Rhodora by Ralph Waldo Emerson
The Rhododendron are in bloom all over New England now. I don’t know how the Rhododendron in my yard are related to the Rhodora that the great man noticed growing wild. They must all be distant cousins, blooming in May. The sage of Concord wrote, Beauty is its own excuse for being.
In May, when sea-winds pierced our solitudes,
I found the fresh Rhodora in the woods,
Spreading its leafless blooms in a damp nook,
To please the desert and the sluggish brook.
The purple petals fallen in the pool
Made the black water with their beauty gay;
Here might the red-bird come his plumes to cool,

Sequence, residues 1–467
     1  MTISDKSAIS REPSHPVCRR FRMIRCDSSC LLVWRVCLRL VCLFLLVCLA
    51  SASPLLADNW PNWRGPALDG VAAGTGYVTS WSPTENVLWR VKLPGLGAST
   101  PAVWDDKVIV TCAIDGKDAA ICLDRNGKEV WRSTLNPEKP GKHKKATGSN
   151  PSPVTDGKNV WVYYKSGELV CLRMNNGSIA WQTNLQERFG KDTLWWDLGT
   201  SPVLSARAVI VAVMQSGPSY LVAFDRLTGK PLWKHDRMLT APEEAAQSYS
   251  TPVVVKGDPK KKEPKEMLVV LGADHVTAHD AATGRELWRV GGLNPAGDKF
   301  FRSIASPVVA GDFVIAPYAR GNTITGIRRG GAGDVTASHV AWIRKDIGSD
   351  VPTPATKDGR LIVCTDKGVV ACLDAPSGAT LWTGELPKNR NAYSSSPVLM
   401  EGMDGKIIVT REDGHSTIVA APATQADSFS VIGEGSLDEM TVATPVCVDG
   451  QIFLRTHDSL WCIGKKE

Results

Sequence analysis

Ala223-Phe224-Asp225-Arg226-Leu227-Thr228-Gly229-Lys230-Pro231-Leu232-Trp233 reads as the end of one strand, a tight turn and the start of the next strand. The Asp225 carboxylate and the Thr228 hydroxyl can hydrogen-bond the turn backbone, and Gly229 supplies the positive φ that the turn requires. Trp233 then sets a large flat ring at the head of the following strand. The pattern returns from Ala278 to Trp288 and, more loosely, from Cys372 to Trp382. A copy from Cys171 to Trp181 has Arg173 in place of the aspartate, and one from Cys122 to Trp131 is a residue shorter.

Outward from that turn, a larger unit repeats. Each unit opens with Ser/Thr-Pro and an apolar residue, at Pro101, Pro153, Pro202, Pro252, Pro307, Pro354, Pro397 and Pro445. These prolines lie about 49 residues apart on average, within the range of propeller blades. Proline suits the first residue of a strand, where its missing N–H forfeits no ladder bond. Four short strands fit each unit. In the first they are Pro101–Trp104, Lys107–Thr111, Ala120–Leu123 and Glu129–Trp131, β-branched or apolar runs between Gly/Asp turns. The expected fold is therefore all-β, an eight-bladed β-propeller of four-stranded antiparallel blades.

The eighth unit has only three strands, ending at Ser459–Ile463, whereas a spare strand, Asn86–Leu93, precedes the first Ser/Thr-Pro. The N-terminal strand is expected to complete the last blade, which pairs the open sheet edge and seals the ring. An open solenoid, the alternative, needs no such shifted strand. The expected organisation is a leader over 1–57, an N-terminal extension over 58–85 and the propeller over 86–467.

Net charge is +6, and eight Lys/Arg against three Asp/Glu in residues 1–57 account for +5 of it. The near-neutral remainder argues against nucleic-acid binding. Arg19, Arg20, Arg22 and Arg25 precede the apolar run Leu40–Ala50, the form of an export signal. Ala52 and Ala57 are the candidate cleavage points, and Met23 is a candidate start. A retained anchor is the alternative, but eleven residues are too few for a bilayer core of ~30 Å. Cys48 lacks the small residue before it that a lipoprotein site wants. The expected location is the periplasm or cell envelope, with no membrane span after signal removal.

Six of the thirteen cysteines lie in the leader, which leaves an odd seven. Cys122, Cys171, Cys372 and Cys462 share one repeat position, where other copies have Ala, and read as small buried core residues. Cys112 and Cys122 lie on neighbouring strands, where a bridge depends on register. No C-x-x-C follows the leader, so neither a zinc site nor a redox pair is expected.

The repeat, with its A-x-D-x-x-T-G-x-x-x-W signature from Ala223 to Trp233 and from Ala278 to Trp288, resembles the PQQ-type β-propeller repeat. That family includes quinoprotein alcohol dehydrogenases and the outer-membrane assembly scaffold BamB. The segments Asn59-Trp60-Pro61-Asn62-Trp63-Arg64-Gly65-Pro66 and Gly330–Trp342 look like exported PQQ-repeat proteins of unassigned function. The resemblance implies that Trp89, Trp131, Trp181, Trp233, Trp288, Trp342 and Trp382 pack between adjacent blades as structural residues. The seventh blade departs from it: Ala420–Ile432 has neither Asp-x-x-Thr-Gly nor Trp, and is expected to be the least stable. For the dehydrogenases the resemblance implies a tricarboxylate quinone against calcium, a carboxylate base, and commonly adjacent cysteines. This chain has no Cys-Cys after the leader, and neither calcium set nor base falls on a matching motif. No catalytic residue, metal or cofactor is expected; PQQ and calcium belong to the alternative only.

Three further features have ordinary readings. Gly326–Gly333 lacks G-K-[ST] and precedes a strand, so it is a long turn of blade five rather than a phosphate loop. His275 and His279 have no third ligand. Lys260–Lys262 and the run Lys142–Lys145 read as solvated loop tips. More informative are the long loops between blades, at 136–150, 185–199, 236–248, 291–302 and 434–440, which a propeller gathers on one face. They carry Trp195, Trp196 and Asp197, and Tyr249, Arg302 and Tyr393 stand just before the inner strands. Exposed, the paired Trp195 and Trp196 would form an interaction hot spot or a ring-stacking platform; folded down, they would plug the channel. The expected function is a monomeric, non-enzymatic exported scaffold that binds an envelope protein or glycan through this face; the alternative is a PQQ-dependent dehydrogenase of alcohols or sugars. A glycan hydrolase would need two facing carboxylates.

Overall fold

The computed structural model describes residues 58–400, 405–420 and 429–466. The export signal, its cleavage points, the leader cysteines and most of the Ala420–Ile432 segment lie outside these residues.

And court the flower that cheapens his array.
Rhodora! if the sages ask thee why
This charm is wasted on the earth and sky,
Tell them, dear, that, if eyes were made for seeing,
Then beauty is its own excuse for Being;
Why thou wert there, O rival of the rose!
I never thought to ask; I never knew;
But in my simple ignorance suppose
The self-same power that brought me there, brought you.